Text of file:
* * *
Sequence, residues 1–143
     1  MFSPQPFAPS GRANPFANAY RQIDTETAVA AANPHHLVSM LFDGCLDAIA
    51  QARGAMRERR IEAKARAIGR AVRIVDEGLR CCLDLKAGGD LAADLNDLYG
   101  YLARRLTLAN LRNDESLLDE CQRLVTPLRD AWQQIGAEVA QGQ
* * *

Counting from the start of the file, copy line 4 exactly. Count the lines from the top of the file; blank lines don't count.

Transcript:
   101  YLARRLTLAN LRNDESLLDE CQRLVTPLRD AWQQIGAEVA QGQ